$250,000,000."223 The Commission has determined that an operator serving fewer than 677,000
subscribers shall be deemed a small operator, if its annual revenues, when combined with the total annual
revenues of all its affiliates, do not exceed $250 million in the aggregate.224 Industry data indicate that, of
1,076 cable operators nationwide, all but ten are small under this size standard.225 We note that the
Commission neither requests nor collects information on whether cable system operators are affiliated
with entities whose gross annual revenues exceed $250 million,226 and therefore we are unable to estimate
more accurately the number of cable system operators that would qualify as small under this size
standard.
71.

Open Video Systems

. The open video system ("OVS") framework was
established in 1996, and is one of four statutorily recognized options for the provision of video
programming services by local exchange carriers.227 The OVS framework provides opportunities for the
distribution of video programming other than through cable systems. Because OVS operators provide
subscription services,228 OVS falls within the SBA small business size standard covering cable services,


219 47 C.F.R. 76.901(e). The Commission determined that this size standard equates approximately to a size
standard of $100 million or less in annual revenues. Implementation of Sections of the 1992 Cable Act: Rate
Regulation,
Sixth Report and Order and Eleventh Order on Reconsideration, 10 FCC Rcd 7393, 7408 (1995).
220 These data are derived from: R.R. Bowker, Broadcasting & Cable Yearbook 2006, "Top 25 Cable/Satellite
Operators," pages A-8 & C-2 (data current as of June 30, 2005); Warren Communications News, Television &
Cable Factbook 2006
, "Ownership of Cable Systems in the United States," pages D-1805 to D-1857.
221 47 C.F.R. 76.901(c).
222 Warren Communications News, Television & Cable Factbook 2008, "U.S. Cable Systems by Subscriber Size,"
page F-2 (data current as of Oct. 2007). The data do not include 851 systems for which classifying data were not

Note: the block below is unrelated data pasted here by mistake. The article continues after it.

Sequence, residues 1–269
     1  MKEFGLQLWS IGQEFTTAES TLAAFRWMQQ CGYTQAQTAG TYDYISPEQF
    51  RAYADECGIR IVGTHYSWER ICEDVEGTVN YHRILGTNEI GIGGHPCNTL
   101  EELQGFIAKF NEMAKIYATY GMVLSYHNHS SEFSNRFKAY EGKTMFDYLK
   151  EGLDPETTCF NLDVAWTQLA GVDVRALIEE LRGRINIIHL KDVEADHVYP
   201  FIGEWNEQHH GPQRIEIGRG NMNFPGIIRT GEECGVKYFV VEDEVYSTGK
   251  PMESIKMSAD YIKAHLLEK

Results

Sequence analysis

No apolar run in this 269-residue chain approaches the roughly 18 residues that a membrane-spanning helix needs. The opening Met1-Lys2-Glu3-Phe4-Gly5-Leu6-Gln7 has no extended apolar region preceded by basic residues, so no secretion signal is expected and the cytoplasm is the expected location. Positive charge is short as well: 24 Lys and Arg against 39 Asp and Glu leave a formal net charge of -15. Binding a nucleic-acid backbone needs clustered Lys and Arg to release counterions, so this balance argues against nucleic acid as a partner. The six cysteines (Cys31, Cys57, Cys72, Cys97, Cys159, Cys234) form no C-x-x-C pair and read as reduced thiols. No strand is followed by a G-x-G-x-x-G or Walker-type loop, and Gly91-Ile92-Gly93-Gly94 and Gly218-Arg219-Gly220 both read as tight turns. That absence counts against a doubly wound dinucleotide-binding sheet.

available.
223 47 U.S.C. 543(m)(2); see 47 C.F.R. 76.901(f) & nn. 1-3.
224 47 C.F.R. 76.901(f); see Public Notice, FCC Announces New Subscriber Count for the Definition of Small
Cable Operator
, DA 01-158 (Cable Services Bureau, Jan. 24, 2001).
225 These data are derived from: R.R. Bowker, Broadcasting & Cable Yearbook 2006, "Top 25 Cable/Satellite
Operators," pages A-8 & C-2 (data current as of June 30, 2005); Warren Communications News, Television &
Cable Factbook 2006
, "Ownership of Cable Systems in the United States," pages D-1805 to D-1857.
226 The Commission does receive such information on a case-by-case basis if a cable operator appeals a local
franchise authority's finding that the operator does not qualify as a small cable operator pursuant to 76.901(f) of
the Commission's rules. See 47 C.F.R. 76.909(b).
227 47 U.S.C. 571(a)(3)-(4). See Annual Assessment of the Status of Competition in the Market for the Delivery of
Video Programming, Thirteenth Annual Report,
24 FCC Rcd 542, 606 135 (2009) ("Thirteenth Annual Cable
Competition Report
").
228 See 47 U.S.C. 573.
50

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which is "Wired Telecommunications Carriers."229 The SBA has developed a small business size
standard for this category, which is: all such firms having 1,500 or fewer employees. To gauge small
business prevalence for such services we must, however, use current census data that are based on the
previous category of Cable and Other Program Distribution and its associated size standard; that size
standard was: all such firms having $13.5 million or less in annual receipts.230 According to Census
Bureau data for 2002, there were a total of 1,191 firms in this previous category that operated for the
entire year.231 Of this total, 1,087 firms had annual receipts of under $10 million, and 43 firms had
receipts of $10 million or more but less than $25 million.232 Thus, the majority of cable firms can be
considered small. In addition, we note that the Commission has certified some OVS operators, with some
now providing service.233 Broadband service providers ("BSPs") are currently the only significant
holders of OVS certifications or local OVS franchises.234 The Commission does not have financial or
employment information regarding the entities authorized to provide OVS, some of which may not yet be
operational. Thus, again, at least some of the OVS operators may qualify as small entities.
72.

Cable Television Relay Service

. This service includes transmitters generally